lawyer and said what they are going to talk about will have
nothing to do with what happened at the bank. On the video,
Mr. Montgomery then interrupts Detective Smallwood. Detective
Smallwood stopped Mr. Montgomery from speaking and asked Mr.
Montgomery to provide the contact information for his family
members that were threatened by the drug supplier. Mr.
Montgomery gives Detective Smallwood information about his
family. Detective Smallwood states "so somebody
obviously is" and Mr. Montgomery once again cuts off
Detective Smallwood. Mr. Montgomery said that he bought drugs
and got desperate when the supplier called asking for his
Officers applied for and obtained a warrant for the Chrysler.
Officers found a black hooded sweatshirt, a camouflage
backpack, a Hi-Vis safety vest, a Styrofoam cup containing
blue rubber gloves, a ski mask, a blue backpack containing
work gloves, a 9mm pistol, and $7, 385 cash.
Montgomery filed several motion to suppress evidence
including a motion to suppress the statements made during the
interview. The Court held a hearing on several of the motions
(the "Hearing") on August 10, 2018. At the Hearing,
the Court ruled that Mr. Montgomery made the
pre-Miranda statements voluntarily and that police
did not illicit the statements. The Court reserved the issue
whether the post-Miranda statements were made in
violation of Miranda.
Miranda warnings are required only where (1)
questioning of a suspect rises to the level of interrogation
and (2) the interrogation occurs while the suspect is either
in 'custody' or in a custodial
setting." Interrogation under Miranda need
not amount to actual questioning, but may be the functional
equivalent of questioning." The functional equivalent of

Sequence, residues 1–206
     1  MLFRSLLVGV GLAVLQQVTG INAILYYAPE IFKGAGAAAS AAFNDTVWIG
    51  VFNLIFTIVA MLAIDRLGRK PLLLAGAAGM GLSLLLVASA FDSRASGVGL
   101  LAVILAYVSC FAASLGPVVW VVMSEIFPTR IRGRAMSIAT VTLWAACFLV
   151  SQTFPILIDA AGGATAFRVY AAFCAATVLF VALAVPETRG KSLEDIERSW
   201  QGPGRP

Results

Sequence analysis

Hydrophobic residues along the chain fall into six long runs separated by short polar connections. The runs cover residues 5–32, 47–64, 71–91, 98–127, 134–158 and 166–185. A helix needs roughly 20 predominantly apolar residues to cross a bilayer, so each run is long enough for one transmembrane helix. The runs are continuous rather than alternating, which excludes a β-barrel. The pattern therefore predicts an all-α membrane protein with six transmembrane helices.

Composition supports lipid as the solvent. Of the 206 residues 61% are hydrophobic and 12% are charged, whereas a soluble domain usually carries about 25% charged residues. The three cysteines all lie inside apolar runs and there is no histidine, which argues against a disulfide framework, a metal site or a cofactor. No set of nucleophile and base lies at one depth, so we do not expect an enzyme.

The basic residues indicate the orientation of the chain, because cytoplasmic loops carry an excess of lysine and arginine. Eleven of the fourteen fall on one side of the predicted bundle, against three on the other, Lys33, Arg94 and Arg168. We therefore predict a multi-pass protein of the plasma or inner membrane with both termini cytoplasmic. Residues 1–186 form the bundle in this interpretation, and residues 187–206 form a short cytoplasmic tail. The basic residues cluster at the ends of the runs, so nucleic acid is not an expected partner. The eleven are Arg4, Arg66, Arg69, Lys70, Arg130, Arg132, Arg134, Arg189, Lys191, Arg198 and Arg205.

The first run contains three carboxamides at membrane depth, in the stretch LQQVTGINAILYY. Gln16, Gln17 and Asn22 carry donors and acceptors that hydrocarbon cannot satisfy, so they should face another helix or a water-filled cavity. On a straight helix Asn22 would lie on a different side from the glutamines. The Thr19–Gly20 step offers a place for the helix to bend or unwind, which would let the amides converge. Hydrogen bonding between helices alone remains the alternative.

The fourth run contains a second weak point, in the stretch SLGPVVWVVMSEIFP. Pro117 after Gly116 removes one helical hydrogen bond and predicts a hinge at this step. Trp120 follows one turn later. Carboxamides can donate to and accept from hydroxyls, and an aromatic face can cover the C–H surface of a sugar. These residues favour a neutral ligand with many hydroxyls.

questioning includes 'any words or actions on the part of
the police (other than those normally attendant to arrest and
custody) that the police should know are reasonably likely to
elicit an incriminating response from the
suspect.'" "[A]n officer cannot be held
responsible for an unforeseeable statement by the suspect. An
interrogation only encompasses actions or words by the
officer that he or she should have known would elicit an
incriminating response." "The police need not shield
their ears from defendant's truly spontaneous
Here, the post-Miranda statements were not solicited
in violation of Miranda. Before Detective Smallwood
left the room, Mr. Montgomery told him that his family had
been threatened by his supplier. Detective Smallwood then
read Mr. Montgomery his Miranda rights. At that
point, Mr. Montgomery attempted to talk with Detective
Smallwood again "man-toman."
When Detective Smallwood returned to the room, he said that
he did not want to talk about the bank robbery. In fact,
Detective Smallwood tried to limit Mr. Montgomery's
conversation solely to the contact information for his family
members that were threatened by the supplier. Mr. Montgomery
interrupted Detective Smallwood and again made incriminating
statements. Detective Smallwood acted reasonably and did not
try to illicit incriminating evidence. Detective Smallwood
did what we would expect our officers to do. Detective
Smallwood learned that people were threatened and attempted
to get their contact information so that the police could